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"For the first time we can actually see the structure of individual aerosol particles floating in air, their 'native habitat'," said DESY scientist Henry Chapman from the Center for Free-Electron Laser Science (CFEL) in Hamburg. "This will have important implications for various fields from climate modelling to human health." CFEL is a joint venture of Deutsches Elektronen-Synchrotron DESY, the German Max Planck Society and the University of Hamburg.
Aerosol particles like soot play important roles in a wide range of fields from toxicology to climate science. Despite their importance, their properties are surprisingly difficult to measure: Visible light doesn't provide the necessary resolution, X-ray sources are usually not bright enough to image single particles, and for electron microscopy particles have to be collected onto a substrate, which potentially alters their structure and encourages agglomeration.
Using the world's most powerful X-ray laser LCLS at the U.S. SLAC National Accelerator Laboratory in Stanford (California), the team captured images of single soot particles floating through the laser beam. "We now have a richer imaging tool to explore the connections between their toxicity and internal structure," said SLAC's Duane Loh, lead author of the study appearing in this week's scientific journal Nature. Free-electron lasers like LCLS or the European XFEL currently being built in Hamburg consist of particle accelerators that send unbound (free) electrons on a tight slalom course where they emit X-ray light.
The study focused on particles less than 2.5 micrometres in diameter. This is the size range of particles that efficiently transport into the human lungs and constitute the second most important contribution to global warming. Microscopic soot particles were generated with electric sparks from a graphite block and fed with a carrier gas of argon and nitrogen into a device called an aerodynamic lens, that produces a thin beam of air with entrained soot particles. This aerosol beam intercepted the pulsed laser beam. Whenever an X-ray laser pulse hit a soot particle, it produced a characteristic diffraction pattern that was recorded by a detector. From this pattern, the scientists were able to reconstruct the soot particle's structure.
"The structure of soot determines how it scatters light, which is an important part of understanding how the energy of the sun is absorbed by the earth's atmosphere. This is a key factor in models of the earth's climate," explained co-author Andrew Martin from DESY. "There also are many links between airborne particles around two micrometres in size and adverse health effects. Using the free-electron laser we are now able to measure the shape and composition of individual airborne particles. This may lead to a better understanding of how these particles interfere with the function of cells in the lungs."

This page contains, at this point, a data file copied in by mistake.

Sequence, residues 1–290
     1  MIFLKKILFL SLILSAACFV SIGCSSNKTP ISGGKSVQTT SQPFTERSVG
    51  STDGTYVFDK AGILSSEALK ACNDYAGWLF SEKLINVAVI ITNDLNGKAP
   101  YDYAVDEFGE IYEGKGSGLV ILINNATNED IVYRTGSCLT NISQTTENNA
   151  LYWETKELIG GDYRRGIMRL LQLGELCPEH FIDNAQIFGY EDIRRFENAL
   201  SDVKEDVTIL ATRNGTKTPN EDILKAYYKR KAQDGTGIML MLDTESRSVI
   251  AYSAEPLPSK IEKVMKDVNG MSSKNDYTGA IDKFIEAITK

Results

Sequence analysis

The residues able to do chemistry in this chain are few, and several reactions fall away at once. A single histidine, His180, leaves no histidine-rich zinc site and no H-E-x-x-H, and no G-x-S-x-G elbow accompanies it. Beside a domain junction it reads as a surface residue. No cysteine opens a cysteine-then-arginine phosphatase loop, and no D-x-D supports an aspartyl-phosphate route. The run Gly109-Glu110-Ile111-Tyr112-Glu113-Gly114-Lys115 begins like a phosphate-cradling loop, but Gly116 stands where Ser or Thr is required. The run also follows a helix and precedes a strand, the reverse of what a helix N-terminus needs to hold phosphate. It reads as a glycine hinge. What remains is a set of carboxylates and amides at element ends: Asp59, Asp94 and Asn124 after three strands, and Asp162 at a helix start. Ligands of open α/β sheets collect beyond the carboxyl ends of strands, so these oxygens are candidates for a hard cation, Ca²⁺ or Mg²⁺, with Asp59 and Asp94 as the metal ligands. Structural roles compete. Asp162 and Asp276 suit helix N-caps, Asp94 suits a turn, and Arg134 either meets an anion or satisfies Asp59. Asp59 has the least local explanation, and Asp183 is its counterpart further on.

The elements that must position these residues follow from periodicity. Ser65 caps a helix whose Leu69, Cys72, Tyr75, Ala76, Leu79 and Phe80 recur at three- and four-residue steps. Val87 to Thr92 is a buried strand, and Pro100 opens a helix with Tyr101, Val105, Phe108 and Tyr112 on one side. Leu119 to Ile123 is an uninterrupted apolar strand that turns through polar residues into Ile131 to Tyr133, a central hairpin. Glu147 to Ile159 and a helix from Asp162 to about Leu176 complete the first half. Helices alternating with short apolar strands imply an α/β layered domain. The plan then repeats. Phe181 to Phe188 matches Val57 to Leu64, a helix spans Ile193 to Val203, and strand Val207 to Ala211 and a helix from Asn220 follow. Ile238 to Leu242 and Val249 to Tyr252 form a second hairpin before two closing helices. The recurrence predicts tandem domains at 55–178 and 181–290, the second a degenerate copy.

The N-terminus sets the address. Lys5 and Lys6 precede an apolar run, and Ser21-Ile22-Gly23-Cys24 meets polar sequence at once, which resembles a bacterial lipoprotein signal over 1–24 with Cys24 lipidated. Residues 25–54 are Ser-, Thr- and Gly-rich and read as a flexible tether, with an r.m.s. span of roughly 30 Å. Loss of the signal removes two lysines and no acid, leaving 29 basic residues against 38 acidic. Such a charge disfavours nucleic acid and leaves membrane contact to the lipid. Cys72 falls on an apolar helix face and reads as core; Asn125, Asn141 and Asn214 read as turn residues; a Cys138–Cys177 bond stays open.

The team recorded patterns from 174 individual soot particles and measured their compactness, using a property called fractal dimension. "We've seen that the fractal dimension is higher than what was thought," said Chapman. "This means that soot in the air is compact, which has implications for the modelling of climate effects." Also, the structure of the airborne soot seems to be surprisingly variable. "There is quite some variation in the fractal dimension, which implies that a lot of rearrangement is going on in the air," explains Chapman.
A primary long-term goal of the research is to take snapshots of airborne particles as they change their size, shape and chemical make-up in response to their environment, explained Michael Bogan from SLAC, who led the research. "Scientists can now imagine being able to watch the evolution of soot formation in combustion engines from their molecular building blocks, or maybe even view the first steps of ice crystal formation in clouds."
In real-world settings soot is seldom pure. To see the effects of mixing with other aerosols, the researchers added salt spray to the soot particles, resulting in larger particles with soot attached to the tiny salt crystals. Such composite particles might form in coastal cities and are expected to have a much larger climate effect than soot alone. Composite aerosols are more difficult to analyse, but the new technique could clearly discern between soot, salt and mixtures of both. As the aerosol particles are vaporized by the intense X-ray laser pulse, the researchers could use mass spectroscopy to examine the composition of each individual particle imaged.
Even though the aerosol particles are destroyed by the X-ray laser pulse, the pulse is so short that it out-runs this destruction. Therefore the diffraction patterns are of high quality and represent the undamaged object. The novel X-ray technique can find wide application to study all sorts of aerosols and can also be extended to resolve the static and dynamic morphology of general ensembles of disordered particles, the researchers state.
"We are now able to study the structure of soot by measuring individual particles in a large ensemble," explains Martin. "Biological samples, like cells and large proteins, have a similar size to the soot particles we studied and also lack a fixed, reproducible structure. In the future it may be possible to extend these techniques beyond aerosols, to study the structural variations in biological systems."
The research team included contributors from SLAC, DESY, Lawrence Berkeley National Laboratory, the Max Planck Institutes, the National Energy Research Scientific Computing Center, Lawrence Livermore National Laboratory, Cornell University, the University of Hamburg, Synchrotron Trieste and Uppsala University. LCLS is supported by DOE's Office of Science.